Gov’t starts training emergency responders

from New Vision
Published on 14 Dec 2018 View Original

By Norah Mutesi

John Nambohe, the commissioner for emerging medical services at the health ministry said the they had so far trained 460 health workers in handling emergency cases.

Government has embarked on fresh training of health workers and volunteers to work as first responders during emergencies like epidemics and calamities.

The first responders will operate under existing health structures but will be deployed specifically to areas that either experience or are prone to disasters, the health ministry disclosed on Tuesday.

John Nambohe, the commissioner for emerging medical services at the health ministry said the they had so far trained 460 health workers in handling emergency cases.

“We are focusing on emergencies as an area of interest because of growing number of cases. We are losing so many mothers and children yet we could have saved them if we strengthened emergency care,” he said.

“Sometimes when you call for an ambulance, it will arrive with only a driver and no health worker nor equipment needed to save the patient’s life,” Nambohe said.

According to Nambohe, road accidents alone claim an average of 3,500 people annually and leave 12,000 more with injuries. One of the most recent accidents was in Kiryandongo when a bus accident killed over 25 people.

Last month, over 30 people perished in Lake Victoria after their boat stalled. Earlier in October, landslides in Bududa district claimed at least 38 lives and left dozens more badly injured.

Nambohe said recent fire accidents at schools and markets were also an area of concern that have prompted the health ministry to train people who will work as emergency responders.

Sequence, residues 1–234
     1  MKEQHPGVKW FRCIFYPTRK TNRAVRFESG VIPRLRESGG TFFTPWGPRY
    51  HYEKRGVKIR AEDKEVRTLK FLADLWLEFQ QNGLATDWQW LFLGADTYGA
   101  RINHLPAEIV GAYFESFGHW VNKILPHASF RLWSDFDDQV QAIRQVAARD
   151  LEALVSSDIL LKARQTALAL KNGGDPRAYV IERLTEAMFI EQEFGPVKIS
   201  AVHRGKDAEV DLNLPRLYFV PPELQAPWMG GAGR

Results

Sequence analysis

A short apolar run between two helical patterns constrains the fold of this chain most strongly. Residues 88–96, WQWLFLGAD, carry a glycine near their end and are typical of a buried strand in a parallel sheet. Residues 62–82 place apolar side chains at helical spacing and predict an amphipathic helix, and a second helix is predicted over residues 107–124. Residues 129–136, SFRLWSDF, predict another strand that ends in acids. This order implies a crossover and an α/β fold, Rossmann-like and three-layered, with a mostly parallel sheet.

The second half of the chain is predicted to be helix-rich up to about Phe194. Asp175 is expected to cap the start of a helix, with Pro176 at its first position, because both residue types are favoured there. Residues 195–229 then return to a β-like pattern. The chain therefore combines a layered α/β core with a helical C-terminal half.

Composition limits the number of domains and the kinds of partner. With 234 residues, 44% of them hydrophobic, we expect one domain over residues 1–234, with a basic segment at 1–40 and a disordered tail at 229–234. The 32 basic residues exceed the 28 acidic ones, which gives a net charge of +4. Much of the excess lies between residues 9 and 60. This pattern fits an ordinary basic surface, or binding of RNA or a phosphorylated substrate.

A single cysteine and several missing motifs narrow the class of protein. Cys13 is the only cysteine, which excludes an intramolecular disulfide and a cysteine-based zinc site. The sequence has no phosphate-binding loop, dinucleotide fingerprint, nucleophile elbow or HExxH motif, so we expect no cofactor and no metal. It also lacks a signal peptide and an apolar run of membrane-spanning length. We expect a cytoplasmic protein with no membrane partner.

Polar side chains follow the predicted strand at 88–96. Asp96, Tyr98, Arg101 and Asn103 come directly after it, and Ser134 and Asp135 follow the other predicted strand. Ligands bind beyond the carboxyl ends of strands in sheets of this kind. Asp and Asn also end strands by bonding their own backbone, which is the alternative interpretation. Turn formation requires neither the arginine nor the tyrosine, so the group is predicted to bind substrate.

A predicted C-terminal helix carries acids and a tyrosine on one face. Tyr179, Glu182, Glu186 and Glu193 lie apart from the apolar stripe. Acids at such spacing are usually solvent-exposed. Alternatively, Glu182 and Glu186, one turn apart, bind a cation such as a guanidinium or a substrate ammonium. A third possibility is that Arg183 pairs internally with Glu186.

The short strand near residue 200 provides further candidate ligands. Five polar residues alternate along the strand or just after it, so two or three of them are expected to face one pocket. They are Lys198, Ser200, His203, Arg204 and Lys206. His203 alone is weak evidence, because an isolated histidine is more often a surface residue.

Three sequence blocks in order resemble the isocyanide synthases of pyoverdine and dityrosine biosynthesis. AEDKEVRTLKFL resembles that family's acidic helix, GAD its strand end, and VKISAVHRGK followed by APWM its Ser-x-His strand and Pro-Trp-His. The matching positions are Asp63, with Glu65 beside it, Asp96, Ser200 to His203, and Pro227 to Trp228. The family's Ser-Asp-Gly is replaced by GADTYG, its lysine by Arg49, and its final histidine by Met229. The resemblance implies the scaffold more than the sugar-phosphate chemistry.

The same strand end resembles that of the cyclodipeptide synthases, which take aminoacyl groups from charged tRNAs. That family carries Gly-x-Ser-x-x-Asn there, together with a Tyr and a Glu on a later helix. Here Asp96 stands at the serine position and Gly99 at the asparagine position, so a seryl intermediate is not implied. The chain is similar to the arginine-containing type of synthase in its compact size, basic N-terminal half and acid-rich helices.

Some of the districts where the medics will be deployed include: Kasese, Bundibugyo, Ntoroko, Kampala and Wakiso, which have recently been prone to emergencies including floods, Nambohe explained.

Nambohe said under the new system, one group of first responders will work at community level as emergency medical first responders. This category will receive basic training of about two weeks to handle emergencies.

Their training covers basic resuscitation for people whose lives are in danger, for instance in ensuring that a victim’s airway is clear and they can breathe, the heart pumping and stopping bleeding. This group of responders will not necessarily be medical personnel, Nambohe said.

Some of the people who are undergoing this training include boda boda riders in Kampala, traffic and regular Police officers, army officers and ambulance teams.

The second level of responders is known as emergency care assistants who will undergo two year training at Rubaga Medical school.

Another group of responders known as emergency medical technicians are taking part in a two year training programme at Masaka and Mbarara regional referral hospitals.

According to Nambohe, the third class of responders is for in-service personnel including nurses and clinical officers and it will cover all health workers. So far, at least 460 health workers have undergone training.

Although medics may have the skills needed to treat people during emergency cases, Nambohe noted that some of them have an attitude problem which is being addressed through the training.

Dr. Joseph Kalanzi, one of the trainees at Makerere College of health sciences said eight of them are undergoing the training as specialists who will handle critical cases.

Under the new system, health facilities will set up committees that will ensure that at any time when they are called for an emergency, they are ready to go fully equipped.